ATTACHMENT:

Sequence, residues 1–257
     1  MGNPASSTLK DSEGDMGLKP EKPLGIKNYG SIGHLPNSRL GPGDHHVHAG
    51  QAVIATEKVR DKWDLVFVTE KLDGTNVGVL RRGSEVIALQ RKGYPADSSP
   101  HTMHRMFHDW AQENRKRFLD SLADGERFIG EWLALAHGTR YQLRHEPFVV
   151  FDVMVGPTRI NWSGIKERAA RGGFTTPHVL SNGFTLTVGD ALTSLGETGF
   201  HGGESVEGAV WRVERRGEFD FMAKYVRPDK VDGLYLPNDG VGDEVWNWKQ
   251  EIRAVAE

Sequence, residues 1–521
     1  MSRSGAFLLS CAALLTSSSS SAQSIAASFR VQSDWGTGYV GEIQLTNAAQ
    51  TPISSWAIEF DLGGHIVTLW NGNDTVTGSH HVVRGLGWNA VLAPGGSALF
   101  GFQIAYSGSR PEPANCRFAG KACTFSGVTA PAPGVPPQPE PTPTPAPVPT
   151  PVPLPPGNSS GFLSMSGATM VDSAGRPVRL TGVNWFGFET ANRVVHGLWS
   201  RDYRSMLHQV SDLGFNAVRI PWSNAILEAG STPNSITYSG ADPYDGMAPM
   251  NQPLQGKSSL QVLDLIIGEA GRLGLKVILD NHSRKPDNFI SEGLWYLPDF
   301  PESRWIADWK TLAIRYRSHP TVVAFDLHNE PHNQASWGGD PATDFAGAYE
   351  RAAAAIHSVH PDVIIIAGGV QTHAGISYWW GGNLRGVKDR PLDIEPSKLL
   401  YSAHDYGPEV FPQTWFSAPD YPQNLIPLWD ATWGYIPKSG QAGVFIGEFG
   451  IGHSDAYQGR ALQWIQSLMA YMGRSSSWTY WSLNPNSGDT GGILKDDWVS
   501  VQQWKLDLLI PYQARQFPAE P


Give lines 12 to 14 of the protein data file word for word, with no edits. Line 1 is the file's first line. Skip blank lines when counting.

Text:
   151  PVPLPPGNSS GFLSMSGATM VDSAGRPVRL TGVNWFGFET ANRVVHGLWS
   201  RDYRSMLHQV SDLGFNAVRI PWSNAILEAG STPNSITYSG ADPYDGMAPM
   251  NQPLQGKSSL QVLDLIIGEA GRLGLKVILD NHSRKPDNFI SEGLWYLPDF